HOW TO: Setting up Encrypted Communications Channels in Oracle Database

In this article, I will explain how to set up an encrypted communications channel in Oracle Database. This is the third in a series of blog posts I've published about encryption as it relates to databases. Previously, I covered encrypting network communications between the client and the database server and data at rest.

Oracle Database allows you to configure encryption of client-server channels in two ways: using native encryption and using SSL. Let's examine how to configure and debug each of them for an OCI client application, more specifically for sqlplus. This assumes there is no Oracle software installed on the client machine initially.

First, download sqlplus from http://www.oracle.com/technetwork/database/features/instant-client/index-097480.html:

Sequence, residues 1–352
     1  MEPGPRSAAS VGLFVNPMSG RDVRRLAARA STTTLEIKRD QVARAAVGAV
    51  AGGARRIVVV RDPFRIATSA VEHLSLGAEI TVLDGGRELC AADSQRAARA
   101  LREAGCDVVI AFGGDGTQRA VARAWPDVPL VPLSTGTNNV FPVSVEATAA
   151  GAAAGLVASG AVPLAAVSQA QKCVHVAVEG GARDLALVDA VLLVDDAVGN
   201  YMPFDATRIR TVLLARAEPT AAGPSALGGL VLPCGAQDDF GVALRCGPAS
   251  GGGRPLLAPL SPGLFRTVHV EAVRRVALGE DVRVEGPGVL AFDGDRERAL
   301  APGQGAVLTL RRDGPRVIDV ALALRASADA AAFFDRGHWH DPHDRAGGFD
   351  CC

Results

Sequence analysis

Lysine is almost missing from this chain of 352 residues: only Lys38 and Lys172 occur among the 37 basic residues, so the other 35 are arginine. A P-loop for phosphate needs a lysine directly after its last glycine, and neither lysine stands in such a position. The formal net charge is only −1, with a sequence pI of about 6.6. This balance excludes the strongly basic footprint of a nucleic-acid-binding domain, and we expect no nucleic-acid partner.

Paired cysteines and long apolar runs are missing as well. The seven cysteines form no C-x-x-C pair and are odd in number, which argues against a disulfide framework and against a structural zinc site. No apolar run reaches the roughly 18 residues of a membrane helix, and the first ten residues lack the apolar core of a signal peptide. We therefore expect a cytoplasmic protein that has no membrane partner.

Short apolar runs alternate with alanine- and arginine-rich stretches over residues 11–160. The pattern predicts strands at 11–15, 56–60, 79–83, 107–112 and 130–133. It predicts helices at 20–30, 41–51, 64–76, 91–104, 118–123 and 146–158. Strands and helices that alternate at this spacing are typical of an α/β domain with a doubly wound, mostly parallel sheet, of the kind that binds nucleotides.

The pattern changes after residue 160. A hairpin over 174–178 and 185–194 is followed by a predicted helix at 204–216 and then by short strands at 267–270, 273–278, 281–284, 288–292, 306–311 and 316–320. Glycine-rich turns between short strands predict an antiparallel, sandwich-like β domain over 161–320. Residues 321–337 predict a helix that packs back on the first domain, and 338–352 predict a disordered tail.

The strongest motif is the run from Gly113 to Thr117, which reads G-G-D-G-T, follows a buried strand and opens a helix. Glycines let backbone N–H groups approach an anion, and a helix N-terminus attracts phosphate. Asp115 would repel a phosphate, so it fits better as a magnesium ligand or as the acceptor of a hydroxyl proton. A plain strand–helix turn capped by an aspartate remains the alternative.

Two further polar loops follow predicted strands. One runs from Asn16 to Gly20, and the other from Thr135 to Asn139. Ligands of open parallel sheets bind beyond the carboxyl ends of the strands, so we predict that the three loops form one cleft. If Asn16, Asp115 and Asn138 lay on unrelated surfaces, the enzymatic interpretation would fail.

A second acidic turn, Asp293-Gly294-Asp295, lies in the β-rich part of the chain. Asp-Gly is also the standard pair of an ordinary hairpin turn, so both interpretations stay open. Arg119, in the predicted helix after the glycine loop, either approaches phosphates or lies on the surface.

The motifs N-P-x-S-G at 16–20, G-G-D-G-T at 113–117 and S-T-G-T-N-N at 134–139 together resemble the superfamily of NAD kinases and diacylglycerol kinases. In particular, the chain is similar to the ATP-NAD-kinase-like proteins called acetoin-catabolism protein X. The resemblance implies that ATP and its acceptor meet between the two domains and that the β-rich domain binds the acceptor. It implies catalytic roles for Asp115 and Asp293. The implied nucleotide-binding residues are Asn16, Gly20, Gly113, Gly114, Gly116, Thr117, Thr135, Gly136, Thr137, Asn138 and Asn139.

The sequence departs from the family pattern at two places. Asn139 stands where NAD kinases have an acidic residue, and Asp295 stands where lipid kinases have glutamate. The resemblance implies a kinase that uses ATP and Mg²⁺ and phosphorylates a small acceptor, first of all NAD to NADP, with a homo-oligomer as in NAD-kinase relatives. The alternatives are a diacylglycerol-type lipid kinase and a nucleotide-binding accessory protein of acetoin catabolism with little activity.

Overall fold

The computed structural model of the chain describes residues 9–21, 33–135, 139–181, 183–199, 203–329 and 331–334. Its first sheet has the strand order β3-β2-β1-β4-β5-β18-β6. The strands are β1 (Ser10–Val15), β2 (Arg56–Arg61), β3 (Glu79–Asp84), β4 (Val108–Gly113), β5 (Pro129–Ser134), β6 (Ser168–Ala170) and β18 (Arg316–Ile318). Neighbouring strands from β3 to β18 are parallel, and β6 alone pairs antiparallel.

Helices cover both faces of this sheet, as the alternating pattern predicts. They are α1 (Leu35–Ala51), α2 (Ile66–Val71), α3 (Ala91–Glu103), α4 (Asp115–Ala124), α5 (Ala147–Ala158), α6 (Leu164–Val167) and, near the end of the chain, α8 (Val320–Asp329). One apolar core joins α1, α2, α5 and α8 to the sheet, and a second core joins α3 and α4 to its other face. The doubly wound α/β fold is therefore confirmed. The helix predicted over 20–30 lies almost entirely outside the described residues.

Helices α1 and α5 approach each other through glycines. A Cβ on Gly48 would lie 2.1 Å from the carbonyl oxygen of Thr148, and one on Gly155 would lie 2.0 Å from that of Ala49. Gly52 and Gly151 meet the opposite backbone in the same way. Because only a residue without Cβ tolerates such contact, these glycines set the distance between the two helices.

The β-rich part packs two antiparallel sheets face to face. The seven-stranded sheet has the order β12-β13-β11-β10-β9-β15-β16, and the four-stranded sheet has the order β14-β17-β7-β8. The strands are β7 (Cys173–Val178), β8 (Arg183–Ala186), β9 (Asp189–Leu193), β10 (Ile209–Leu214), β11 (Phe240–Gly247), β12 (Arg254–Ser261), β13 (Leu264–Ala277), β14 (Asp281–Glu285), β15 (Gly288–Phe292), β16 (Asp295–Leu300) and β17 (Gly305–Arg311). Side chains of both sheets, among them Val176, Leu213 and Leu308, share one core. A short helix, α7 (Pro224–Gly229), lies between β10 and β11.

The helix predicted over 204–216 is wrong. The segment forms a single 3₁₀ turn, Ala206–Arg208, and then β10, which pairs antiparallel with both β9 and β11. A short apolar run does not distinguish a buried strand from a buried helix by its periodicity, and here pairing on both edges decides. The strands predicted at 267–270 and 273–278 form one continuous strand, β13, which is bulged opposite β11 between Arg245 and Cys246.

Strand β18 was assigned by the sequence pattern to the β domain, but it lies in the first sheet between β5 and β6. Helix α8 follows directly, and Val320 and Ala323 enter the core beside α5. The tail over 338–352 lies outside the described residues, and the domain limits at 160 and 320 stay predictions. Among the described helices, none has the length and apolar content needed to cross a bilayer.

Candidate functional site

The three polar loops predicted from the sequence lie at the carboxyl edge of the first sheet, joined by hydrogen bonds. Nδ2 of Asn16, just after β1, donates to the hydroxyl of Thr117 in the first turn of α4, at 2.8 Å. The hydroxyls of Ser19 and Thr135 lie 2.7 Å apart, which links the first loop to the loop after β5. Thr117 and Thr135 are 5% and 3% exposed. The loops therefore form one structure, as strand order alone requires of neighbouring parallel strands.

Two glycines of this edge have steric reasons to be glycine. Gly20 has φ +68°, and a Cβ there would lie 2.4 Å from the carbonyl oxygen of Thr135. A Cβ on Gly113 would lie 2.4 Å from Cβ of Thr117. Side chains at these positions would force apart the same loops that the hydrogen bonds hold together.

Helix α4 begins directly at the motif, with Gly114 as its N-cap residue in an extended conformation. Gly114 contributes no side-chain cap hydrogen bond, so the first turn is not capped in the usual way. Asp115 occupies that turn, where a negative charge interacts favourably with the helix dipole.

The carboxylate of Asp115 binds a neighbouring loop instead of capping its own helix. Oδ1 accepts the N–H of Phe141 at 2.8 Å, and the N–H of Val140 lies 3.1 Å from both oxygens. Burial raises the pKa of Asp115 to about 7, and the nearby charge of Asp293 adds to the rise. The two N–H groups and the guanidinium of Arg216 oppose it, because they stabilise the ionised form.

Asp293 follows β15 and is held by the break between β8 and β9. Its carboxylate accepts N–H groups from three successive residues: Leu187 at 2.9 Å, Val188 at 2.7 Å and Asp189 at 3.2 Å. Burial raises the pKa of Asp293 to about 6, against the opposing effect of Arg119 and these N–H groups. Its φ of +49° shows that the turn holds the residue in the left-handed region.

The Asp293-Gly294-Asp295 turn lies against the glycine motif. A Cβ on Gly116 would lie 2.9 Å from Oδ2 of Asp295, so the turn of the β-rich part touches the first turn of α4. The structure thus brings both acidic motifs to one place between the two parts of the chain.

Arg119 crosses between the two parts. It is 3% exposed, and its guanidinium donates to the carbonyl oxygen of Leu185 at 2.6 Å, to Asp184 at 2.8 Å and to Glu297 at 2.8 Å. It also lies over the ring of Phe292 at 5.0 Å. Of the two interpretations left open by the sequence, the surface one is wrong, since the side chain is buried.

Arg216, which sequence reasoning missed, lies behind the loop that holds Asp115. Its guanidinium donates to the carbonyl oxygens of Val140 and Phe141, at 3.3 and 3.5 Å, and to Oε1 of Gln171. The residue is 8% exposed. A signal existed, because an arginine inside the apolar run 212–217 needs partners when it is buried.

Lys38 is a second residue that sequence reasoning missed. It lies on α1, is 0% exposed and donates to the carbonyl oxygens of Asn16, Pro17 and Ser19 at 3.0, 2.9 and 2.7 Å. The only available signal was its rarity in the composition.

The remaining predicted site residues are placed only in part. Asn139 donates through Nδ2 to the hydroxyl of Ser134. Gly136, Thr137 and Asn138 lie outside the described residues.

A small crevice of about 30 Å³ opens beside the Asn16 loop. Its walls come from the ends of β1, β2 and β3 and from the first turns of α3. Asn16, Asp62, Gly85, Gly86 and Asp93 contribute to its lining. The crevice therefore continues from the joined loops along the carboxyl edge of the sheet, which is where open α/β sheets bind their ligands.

1. Select a platform
  2. Grab the "Instant Client Package – Basic" and "Instant Client Package - SQL*Plus" archives
  3. Unpack them into one directory (e.g., G:\instantclient_12_1)

Please note that in this post Oracle Database 12c Enterprise Edition is used on the server.

Enabling native encryption

First, create the sqlnet.ora configuration file on the client, if one does not exist already. You can use tools like Process Monitor to locate the file:

PM

For our sqlplus example it will be:

G:\instantclient_12_1\network\admin\sqlnet.ora

Next the file should be updated with encryption-specific information:

SQLNET.CRYPTO_CHECKSUM_TYPES_CLIENT = (MD5)
SQLNET.ENCRYPTION_TYPES_CLIENT = (AES256)
SQLNET.ENCRYPTION_CLIENT = required